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Lenovo president Rory Read jumps to AMD in extra blow to PCs

updated 10:05 am EDT, Thu August 25, 2011

Lenovo ThinkPad pioneer leaves for AMD

The PC world took another hit Thursday after AMD said it had hired away Lenovo president and COO Rory Read. The executive will now be AMD's CEO, president, and board of directors member. Read's exit takes effect immediately.

Lenovo hasn't detailed who would replace Read. The veteran is replacing Tom Seifert, who stepped in as a temporary CEO after the sudden resignation of long-serving company leader Dirk Meyer at the start of the year.

Read's departure could affect Lenovo's PC strategy. Having served 23 years at IBM before heading to Lenovo with IBM's PC spinoff in 2005, he has played an important part in building up the home computer businesses at both companies, most of all at Lenovo. Many credit his becoming president of Lenovo at 2009 with starting a quick rise in the company's PC business. As of mid-year, Lenovo was one of the few Windows PC makers growing quickly in the world. Lenovo's inherent advantage as a Chinese company in a growing market, as well as the ThinkPad's reputation, have pushed it past Acer in world share.

He leaves just as HP is mulling giving up PCs and affecting one of Microsoft's most important sources of revenue. Lenovo's impact won't be as serious but will depend heavily on Read's replacement.

PCs will still get some help through the AMD swap. The market is still dominated by Intel, which makes nearly 80 percent of computer processors. An effective command from Read could improve AMD's market share and lead to fiercer competition with lower processor prices and faster chips.

by MacNN Staff





  1. Mr. Strat

    Joined: Dec 1969



    An executive from one crappy company becomes an executive for another crappy company.

  1. BigMac2

    Joined: Dec 1969


    ThinkPad's reputation

    IBM was able to build a solid reputation on their laptop, 10 years ago the thinkpad was the laptop to beat. Since then, Lenovo has lower the Thinkpad quality and completely stall his design progression. Now Lenovo make tasteless computer like any other asian corp like Acer and Asus.

  1. coffeetime

    Joined: Dec 1969


    ThinkPad's de-reputation

    If IBM is so good at making and keeping up the ThinkPad quality, then, why they sold it? It's like giving away one of GM auto divisions to China. They ask for it. I guess the executives are not getting enough bonus selling PC in U.S. Thanks goodness I don't see that happening from Apple.

  1. BigMac2

    Joined: Dec 1969



    I don't know all answers, but I think IBM since the birth of PC clone with compaq and other has always got difficulties to gain any market share in this overcrowded-low margin clone market. Look how the current number 1 PC selling corp: HP is following IBM path now. Any corp who stop innovating will decline and PC industry has sit on their both hands and let Microsoft and Intel dictated the plateform where everybody is cloning the same hardware and the same software.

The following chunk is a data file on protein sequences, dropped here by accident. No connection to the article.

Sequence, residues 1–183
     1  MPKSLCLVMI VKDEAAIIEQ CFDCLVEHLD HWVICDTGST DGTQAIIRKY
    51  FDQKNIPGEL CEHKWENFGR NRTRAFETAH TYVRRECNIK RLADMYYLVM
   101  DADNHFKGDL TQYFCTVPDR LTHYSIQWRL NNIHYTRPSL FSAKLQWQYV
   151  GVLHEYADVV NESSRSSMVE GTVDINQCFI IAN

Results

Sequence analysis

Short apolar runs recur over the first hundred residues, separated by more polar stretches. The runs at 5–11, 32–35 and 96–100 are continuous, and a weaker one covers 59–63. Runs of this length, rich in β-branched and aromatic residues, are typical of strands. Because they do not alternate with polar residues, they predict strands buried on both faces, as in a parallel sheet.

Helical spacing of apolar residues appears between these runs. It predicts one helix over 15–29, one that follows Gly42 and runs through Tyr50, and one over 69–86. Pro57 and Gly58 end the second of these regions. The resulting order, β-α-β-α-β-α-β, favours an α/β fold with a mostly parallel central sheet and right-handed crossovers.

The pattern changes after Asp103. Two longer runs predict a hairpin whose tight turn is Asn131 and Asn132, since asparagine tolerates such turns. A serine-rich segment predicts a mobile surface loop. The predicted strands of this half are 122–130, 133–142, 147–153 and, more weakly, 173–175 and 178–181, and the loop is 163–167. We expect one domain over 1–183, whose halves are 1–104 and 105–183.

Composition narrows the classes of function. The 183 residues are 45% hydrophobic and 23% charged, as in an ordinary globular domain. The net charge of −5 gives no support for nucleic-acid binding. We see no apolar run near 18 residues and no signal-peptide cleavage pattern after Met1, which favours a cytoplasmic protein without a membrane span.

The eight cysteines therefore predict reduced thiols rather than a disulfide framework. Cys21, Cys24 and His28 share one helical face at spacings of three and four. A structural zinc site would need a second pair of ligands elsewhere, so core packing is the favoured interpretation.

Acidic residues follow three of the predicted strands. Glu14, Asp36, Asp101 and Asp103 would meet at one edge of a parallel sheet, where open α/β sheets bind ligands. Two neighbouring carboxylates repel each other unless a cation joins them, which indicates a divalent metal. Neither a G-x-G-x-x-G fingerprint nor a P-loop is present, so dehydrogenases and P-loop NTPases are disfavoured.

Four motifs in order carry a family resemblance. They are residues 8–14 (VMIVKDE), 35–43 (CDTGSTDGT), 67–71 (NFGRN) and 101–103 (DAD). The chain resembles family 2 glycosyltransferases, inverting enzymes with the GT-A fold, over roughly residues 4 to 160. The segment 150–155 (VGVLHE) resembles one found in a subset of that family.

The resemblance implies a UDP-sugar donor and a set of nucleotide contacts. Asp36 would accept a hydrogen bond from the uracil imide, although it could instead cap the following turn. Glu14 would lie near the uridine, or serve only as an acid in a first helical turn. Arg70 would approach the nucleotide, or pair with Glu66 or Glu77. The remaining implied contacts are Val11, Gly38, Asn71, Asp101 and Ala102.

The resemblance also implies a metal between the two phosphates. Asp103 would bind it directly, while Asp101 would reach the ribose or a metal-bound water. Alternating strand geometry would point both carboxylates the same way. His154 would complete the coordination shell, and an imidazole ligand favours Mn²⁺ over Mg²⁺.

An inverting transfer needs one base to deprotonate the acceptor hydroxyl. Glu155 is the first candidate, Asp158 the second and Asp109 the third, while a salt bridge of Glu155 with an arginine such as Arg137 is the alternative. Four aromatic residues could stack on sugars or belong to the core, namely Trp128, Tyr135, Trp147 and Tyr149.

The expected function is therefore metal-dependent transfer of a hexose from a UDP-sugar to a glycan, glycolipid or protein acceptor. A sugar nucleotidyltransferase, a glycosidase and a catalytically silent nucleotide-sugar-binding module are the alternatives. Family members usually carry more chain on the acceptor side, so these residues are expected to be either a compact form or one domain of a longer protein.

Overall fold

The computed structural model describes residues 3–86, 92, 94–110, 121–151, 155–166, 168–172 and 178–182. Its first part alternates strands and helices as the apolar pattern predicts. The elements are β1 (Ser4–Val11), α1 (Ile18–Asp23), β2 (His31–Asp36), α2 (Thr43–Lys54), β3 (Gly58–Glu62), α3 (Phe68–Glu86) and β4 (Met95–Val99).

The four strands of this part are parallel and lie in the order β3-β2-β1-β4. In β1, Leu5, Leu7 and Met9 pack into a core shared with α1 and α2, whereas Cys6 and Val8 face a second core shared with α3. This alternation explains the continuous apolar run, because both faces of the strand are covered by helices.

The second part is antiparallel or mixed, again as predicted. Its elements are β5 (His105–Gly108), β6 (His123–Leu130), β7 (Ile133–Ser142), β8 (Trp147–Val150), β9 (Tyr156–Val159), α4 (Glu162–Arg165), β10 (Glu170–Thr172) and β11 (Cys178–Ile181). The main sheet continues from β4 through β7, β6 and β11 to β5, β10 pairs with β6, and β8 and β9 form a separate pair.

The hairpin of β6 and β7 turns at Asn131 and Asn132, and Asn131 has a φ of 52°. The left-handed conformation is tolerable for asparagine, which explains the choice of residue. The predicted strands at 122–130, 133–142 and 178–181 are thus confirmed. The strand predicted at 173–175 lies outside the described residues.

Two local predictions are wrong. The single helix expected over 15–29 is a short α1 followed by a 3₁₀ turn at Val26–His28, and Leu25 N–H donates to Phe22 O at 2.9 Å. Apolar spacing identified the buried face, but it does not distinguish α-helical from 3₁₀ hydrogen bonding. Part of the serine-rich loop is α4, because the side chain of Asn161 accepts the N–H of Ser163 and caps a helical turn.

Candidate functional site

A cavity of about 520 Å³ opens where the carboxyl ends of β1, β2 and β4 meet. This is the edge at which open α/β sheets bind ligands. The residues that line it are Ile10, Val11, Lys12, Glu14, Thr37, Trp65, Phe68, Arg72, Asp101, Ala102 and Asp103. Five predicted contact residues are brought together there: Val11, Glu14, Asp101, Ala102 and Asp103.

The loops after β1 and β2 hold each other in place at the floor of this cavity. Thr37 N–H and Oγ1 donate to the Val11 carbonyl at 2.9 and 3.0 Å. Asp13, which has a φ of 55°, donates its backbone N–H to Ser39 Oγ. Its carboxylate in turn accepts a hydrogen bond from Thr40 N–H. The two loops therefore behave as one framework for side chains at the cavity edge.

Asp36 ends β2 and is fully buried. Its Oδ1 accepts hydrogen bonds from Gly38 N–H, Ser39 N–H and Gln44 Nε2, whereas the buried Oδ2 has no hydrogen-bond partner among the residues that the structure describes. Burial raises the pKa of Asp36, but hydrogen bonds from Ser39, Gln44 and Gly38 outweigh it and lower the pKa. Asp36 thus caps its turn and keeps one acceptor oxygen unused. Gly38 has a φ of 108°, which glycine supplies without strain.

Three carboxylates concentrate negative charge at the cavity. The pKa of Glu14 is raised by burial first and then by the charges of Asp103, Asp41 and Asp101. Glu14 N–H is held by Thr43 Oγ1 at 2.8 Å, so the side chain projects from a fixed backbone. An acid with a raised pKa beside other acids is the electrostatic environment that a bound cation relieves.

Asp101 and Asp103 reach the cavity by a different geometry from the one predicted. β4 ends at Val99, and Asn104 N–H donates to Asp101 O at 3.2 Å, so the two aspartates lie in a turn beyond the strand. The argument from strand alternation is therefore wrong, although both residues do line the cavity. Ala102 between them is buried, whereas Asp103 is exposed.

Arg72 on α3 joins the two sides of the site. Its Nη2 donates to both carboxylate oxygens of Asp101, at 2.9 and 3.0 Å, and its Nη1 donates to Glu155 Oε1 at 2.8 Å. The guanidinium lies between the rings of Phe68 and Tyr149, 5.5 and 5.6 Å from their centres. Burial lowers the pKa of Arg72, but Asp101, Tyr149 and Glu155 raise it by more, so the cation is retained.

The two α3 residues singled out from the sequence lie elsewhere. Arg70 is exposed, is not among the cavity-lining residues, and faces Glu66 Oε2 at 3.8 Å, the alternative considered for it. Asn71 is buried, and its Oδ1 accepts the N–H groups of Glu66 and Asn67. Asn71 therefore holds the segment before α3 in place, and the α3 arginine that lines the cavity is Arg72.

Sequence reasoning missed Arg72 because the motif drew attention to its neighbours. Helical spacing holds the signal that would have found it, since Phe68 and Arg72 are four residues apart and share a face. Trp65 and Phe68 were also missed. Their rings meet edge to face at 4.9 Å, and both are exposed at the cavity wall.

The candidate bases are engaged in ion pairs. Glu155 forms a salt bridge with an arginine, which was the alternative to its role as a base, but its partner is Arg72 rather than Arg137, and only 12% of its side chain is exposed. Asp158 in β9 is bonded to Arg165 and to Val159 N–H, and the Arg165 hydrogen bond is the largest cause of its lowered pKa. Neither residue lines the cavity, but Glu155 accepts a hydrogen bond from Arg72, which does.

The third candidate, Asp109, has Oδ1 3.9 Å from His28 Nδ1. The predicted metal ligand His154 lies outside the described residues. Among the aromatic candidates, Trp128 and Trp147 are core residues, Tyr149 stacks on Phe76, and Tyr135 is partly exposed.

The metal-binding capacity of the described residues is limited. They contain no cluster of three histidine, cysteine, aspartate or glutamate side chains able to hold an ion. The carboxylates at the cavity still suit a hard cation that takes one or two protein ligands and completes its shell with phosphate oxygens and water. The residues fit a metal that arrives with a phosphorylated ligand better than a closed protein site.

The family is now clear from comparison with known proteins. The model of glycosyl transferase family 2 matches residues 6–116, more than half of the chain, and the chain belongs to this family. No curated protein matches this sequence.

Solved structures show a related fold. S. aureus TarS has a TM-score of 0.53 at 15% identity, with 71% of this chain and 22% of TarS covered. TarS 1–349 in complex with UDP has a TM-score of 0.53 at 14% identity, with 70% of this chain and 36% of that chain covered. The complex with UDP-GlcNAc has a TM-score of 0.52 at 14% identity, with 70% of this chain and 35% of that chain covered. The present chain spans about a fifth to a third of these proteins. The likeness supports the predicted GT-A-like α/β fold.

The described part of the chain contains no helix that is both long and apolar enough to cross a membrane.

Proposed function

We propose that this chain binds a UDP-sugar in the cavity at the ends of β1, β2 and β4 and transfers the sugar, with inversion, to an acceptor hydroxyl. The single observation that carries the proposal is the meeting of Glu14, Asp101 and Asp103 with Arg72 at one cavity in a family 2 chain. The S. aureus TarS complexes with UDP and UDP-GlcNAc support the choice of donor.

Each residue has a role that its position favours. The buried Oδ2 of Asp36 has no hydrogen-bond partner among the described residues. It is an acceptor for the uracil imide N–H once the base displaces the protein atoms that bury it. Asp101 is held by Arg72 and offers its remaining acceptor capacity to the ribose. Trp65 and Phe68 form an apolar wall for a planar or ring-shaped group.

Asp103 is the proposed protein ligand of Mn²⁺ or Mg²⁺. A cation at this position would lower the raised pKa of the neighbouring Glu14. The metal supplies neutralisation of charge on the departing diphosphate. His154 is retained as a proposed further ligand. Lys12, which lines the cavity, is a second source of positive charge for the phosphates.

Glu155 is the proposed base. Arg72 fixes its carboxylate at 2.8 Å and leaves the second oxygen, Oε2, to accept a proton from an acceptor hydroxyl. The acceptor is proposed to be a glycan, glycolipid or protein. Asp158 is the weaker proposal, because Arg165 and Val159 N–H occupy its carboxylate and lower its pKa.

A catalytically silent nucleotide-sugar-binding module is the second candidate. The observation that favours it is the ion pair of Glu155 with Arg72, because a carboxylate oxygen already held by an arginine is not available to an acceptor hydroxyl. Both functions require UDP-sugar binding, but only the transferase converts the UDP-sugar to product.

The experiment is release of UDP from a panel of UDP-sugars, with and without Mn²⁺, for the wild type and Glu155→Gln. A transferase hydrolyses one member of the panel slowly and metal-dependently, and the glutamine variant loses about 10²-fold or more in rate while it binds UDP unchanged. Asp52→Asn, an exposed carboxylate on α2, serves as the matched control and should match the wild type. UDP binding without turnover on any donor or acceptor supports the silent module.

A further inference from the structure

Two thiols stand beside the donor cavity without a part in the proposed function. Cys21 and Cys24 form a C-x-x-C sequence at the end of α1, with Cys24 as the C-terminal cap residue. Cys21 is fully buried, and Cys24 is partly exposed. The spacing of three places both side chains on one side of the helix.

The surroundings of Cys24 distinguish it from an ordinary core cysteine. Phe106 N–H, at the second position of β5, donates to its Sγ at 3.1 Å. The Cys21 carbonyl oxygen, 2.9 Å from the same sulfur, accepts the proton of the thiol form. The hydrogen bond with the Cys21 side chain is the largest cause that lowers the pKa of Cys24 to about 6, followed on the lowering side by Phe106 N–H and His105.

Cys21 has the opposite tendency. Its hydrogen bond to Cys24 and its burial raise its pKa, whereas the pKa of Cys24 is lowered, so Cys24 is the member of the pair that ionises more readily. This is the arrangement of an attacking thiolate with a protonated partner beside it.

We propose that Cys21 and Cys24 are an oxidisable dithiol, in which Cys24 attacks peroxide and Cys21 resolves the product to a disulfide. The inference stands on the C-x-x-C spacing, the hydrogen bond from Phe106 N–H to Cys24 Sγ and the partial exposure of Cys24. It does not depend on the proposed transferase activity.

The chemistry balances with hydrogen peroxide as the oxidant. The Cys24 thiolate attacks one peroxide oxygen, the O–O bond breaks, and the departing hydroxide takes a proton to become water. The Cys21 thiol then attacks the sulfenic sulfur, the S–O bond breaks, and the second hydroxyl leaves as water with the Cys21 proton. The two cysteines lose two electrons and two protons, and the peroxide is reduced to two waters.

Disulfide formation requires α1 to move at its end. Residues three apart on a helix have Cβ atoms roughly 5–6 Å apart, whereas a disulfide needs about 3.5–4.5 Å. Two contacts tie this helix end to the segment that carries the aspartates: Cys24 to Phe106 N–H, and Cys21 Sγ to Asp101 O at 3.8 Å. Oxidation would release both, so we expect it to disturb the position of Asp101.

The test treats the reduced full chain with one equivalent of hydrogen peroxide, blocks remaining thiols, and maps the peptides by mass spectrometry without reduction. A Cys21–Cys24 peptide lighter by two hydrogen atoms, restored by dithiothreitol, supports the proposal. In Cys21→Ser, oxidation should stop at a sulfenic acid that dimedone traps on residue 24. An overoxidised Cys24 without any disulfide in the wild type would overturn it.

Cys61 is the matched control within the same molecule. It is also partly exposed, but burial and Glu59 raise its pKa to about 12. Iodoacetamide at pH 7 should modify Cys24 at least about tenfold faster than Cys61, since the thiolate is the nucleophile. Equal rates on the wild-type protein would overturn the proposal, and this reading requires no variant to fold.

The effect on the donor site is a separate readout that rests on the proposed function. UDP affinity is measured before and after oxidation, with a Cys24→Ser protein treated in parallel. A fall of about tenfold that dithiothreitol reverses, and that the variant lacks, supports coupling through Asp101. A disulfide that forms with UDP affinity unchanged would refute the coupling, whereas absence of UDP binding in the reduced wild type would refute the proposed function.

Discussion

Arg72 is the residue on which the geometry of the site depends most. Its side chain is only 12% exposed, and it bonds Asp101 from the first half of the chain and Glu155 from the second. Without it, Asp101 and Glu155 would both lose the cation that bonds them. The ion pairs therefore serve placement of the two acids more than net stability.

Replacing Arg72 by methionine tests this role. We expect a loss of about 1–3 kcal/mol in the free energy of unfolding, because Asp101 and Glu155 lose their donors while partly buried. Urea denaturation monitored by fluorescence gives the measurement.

1. coffeetime

    Joined: Dec 1969



    Make sense. Majority of U.S. brands like Zenith, RCA...etc are handed over to oversea. The same will go with HP's PC division. It seems the success of U.S. innovation is gear more toward business to business (military, medical, heavy machinery industry, corporation) where as consumer innovation are left for oversea to deal with. That makes Apple truly a unique company among the U.S. consumer.

  1. testudo

    Joined: Dec 1969


    @BigMac2 and @coffeetime

    HP is leaving the PC business for the same reason IBM did. It was such a small part of their overall strategy/income that it was actually hurting them keeping it. By selling it, they can focus more resources on more profitable parts of their businesses. It has nothing to do with 'innovation'. It has more to do with competition.

    And you should keep this in mind, since this is the fear of the general/hard-core/long-time mac user. Apple's PC business is now a small part of their overall revenue structure now. With adding iOS elements to OS X, it gives people pause that Apple will try to take the Mac down the iOS route altogether, or, worse yet, may end up dumping it in favor of iPads, iPhones, and other devices. Esp. if their forward-thinking minds say "The PC is dead. We're getting out while the getting's good. Tablets and smart phones and set-top boxes and the like are the future".

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